two solid dudes

DeNiro’s Game, 2006, 273 pages

Bassam and George are childhood best friends who have grown to adulthood in war torn Beirut. Now they must choose their futures: to stay in the city and consolidate power through crime; or to go into exile abroad, alienated from the only existence they have known. Bassam chooses one path: obsessed with leaving Beirut, he embarks on a series of petty crimes to finance his departure. Meanwhile, George builds his power in the underworld of the city and embraces a life of military service, crime for profit, killing, and drugs.

Told in the voice of Bassam, De Niro’s Game is a beautiful, explosive portrait of a contemporary young man shaped by a lifelong experience of war. Rawi Hage’s brilliant style mimics a world gone mad: so smooth and apparently sane that its razor-sharp edges surprise and cut deeply. A powerful meditation on life and death in a war zone, and what comes after.

This book either won or was nominated for every hecking award. It won the 2008 International Dublin Literary award, was shortlisted for the 2006 Giller and GG, as well as winning some awards in Quebec for the French translations. DANG.  Also our friend Nora told me Kathleen the other day that 5 people have given her this book to read. I don’t know who these 5 people are, but surely they are as reliable as a list from the CBC. 


Kathleen: True story: I hate books about wars but LET ME TELL YOU: this one was incredible. First of all, the writing is so beautiful and so poetic, with great use of repetition.

Secondly, the characters are so accustomed to bombs dropping, water and food scarcity, and the militia roaming the streets are normalized, which is jarring AF. The timelines in the story can be vague, but you get the sense that the war has been their reality for a long time.

The characters and their relationships were very well fleshed out, and I didn’t forget anyone’s name while I was reading! Even the characters that we only met once or twice seemed very three-dimensional.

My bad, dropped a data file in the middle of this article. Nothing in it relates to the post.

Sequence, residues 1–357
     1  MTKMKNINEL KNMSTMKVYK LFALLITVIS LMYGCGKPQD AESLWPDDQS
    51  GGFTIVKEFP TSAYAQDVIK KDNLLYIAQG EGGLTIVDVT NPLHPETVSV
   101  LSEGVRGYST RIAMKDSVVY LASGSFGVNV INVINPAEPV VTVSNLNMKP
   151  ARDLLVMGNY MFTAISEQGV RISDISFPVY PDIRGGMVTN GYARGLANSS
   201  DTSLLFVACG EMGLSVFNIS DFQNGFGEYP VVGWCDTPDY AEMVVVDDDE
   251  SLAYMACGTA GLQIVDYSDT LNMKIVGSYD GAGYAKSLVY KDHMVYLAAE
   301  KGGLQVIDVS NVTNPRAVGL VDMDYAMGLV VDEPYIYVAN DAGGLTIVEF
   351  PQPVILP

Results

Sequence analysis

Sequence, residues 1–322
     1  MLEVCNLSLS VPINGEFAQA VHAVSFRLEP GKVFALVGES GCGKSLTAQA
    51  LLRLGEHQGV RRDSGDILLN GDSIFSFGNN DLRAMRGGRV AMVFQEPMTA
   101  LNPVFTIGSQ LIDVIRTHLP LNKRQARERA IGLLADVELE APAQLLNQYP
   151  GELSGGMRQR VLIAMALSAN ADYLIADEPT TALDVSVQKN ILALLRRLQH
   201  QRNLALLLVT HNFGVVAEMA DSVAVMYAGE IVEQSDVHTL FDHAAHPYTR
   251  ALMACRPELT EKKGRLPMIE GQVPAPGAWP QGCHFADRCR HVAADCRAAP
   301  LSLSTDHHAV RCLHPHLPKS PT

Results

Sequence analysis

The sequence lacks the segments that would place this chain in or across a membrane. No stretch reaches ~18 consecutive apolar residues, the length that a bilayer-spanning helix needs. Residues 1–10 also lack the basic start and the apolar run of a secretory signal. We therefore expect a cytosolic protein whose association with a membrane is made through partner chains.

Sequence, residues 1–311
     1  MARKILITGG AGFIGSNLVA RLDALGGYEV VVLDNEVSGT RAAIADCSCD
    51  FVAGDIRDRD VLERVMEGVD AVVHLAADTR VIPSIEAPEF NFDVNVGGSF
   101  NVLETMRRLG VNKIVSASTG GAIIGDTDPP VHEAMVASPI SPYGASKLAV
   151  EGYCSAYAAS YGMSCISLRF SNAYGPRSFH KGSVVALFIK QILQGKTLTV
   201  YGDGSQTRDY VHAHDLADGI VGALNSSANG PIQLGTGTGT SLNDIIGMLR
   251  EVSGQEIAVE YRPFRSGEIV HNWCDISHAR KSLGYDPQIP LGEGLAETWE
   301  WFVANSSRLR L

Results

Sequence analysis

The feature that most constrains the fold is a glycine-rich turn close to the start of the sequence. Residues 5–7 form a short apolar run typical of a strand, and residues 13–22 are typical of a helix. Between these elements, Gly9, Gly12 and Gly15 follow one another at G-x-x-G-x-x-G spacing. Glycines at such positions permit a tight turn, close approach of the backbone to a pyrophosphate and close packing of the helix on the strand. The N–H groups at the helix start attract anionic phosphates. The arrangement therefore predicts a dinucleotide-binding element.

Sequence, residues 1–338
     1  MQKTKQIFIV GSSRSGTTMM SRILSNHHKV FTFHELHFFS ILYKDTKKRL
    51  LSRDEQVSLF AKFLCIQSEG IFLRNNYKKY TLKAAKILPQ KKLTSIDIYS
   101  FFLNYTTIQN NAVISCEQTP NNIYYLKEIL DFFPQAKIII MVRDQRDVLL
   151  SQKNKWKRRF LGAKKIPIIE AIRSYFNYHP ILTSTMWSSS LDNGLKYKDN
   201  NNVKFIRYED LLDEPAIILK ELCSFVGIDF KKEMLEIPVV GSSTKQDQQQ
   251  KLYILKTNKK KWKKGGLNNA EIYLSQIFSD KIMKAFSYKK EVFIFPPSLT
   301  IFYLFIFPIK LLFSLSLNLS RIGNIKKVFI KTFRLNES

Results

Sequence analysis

Roisin: I hear you on hating war books girl, I find guns very uninteresting. I feel like it is a similar thing? I really loved this though. Parts of it made me very uncomfortable. And I left this book needing to examine why it made me feel that way. I was alarmed by the way Bassam was affected (and unaffected)by the war around him. This violence that shapes his youth and informs his relationships is both visceral and everyday.

We see him make and lose friends, a girlfriend, even his family relationships are strengthened and torn apart by the end of the book. So much is wrapped up with his friend George and how power changes him and allows him to change Bassam. By the time Bassam was in Paris I was getting butterflies every time I turned the page, worried about what was going to happen next. This book left me devastated but also wanting more! I’m slightly worried I read it too fast that I missed things, it moved at such a speed.

Kathleen: I’m so dang impressed that this was his first book!

Roisin: This book was so tense!

Kathleen: SO TENSE.

VERDICT: Should it be on the 30 before 30?

Roisin: Yes!

Kathleen: Absolutely.

NEXT WEEK’S BOOK: Book of Secrets by M.G. Vassanji (but for real this time!)

Two Solid Dudes
Two cool dudes wearing backwards caps and reading and reviewing Canadian Lit that we are secretly ashamed we haven't read yet. We're starting with CBC Reads' list of the top 30 Canadian books to read before you turn 30.

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